Words of Engagement: Intergroup Dialogue program

The Words of Engagement Intergroup Dialogue Program (WEIDP) is a for-credit social justice education program that brings together students of diverse social identity groups for facilitated face-to-face conversation that enhance participants’ self- and social awareness. Utilizing theory, experiential learning, and equity frameworks, WEIDP supports participants in exploring key questions about who we are, what we know about each other, and how cultural systems of power impact our lives and relationships. The program prepares students to navigate an increasingly diverse society through relationship building across difference and taking steps, both individually and collectively, to promote equity and justice.

WEIDP courses count towards the Cultural Competence Diversity Requirement. Courses are typically 1-credit dialogues that occur in the first and second half of the fall and spring semesters. Each dialogue is themed around a set of social identities (e.g. dialogue on race, gender, immigration, religious bias, ability, etc.) and is co-facilitated by trained intergroup dialogue facilitators. While most of our dialogue offerings are for undergraduate students, WEIDP occasionally offers non-credit professional programming and dialogues for faculty/staff and for-credit for-credit courses for graduate students.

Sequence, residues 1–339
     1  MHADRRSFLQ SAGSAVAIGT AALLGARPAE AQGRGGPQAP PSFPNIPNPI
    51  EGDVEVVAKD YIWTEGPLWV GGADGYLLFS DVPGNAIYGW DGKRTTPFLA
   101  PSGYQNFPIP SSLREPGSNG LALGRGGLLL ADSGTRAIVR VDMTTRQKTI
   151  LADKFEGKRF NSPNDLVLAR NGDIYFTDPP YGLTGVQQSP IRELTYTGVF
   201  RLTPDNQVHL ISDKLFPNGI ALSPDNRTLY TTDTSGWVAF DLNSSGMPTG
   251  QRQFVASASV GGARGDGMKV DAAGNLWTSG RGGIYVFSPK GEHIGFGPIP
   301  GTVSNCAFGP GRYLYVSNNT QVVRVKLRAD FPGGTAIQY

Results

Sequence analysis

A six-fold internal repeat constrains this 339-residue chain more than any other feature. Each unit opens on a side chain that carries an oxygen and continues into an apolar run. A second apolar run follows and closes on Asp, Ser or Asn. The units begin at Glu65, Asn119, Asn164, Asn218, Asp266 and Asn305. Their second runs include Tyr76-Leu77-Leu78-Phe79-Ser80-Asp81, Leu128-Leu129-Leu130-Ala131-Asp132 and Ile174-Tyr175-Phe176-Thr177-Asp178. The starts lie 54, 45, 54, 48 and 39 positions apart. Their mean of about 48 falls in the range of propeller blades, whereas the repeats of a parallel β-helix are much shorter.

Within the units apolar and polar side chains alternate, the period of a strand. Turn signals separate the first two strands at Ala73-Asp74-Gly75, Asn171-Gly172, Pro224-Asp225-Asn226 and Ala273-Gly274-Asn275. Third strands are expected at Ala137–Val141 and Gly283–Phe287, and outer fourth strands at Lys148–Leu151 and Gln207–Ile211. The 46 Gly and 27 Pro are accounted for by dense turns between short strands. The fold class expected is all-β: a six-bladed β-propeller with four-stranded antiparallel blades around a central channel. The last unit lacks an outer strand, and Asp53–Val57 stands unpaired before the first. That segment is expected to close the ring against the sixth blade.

Upon completion of this course, students will have developed the following dialogical skills.

Goals of Dialogue

Describe the concept of culture: increased personal and political awareness of cultural identity affiliation and difference, as well as increased knowledge about equity, diversity and social justice.
Understand how cultural beliefs influence behaviors and practices at the individual, organizational and societal levels: the ability to juxtapose as well as integrate personal narrative and critical academic analysis; increased comfort with multiculturalism and greater appreciation for difference gained through exploration of material and perspectives from differing political and socio-cultural perspectives; decreased propensity for stereotyping.
Analyze one's own cultural beliefs with respect to attitudes or behaviors: increased communication and conflict exploration skills as well as growth in perspective taking and complex thinking; a reduction in intergroup interaction anxiety, and increased motivation for cross-group bridge-building.
Effectively use skills to negotiate situations or conflicts within and across different identity and cultural groups: employing the conflict resolution, communication, and critical thinking skills used in dialogue to take action to bring about equity and justice.

How to Register

Students can register for a dialogue course directly on testudo. Each dialogue course consists of 2-3 themed sections. Once a student has registered, they will be prompted by WEIDP to complete a WEIDP Student Profile on our enrollment portal. The student profile is used to place participants in one of the themed sections of the dialogue course they registered for on testudo (e.g. a student who registers for EDHI338L: Dialogue on Race, Gender, and Immigration, may be placed in the Dialogue on Immigration).

Facilitator Community

An essential feature of the dialogue process are the skilled facilitators who support participants' learning and their overall experience. The WEIDP Facilitation team consist of UMD staff, graduate students, and professionals from the surrounding area. They are educators with a depth of knowledge on various dimensions of identity (such as gender, race, sexual orientation, socioeconomic background, national origin, ability/disability, religion, etc) as well as knowledge about the dynamics of power, privilege, and oppression.

To learn more about how to become a WEIDP Facilitator, please email the program at dialogue@umd.edu.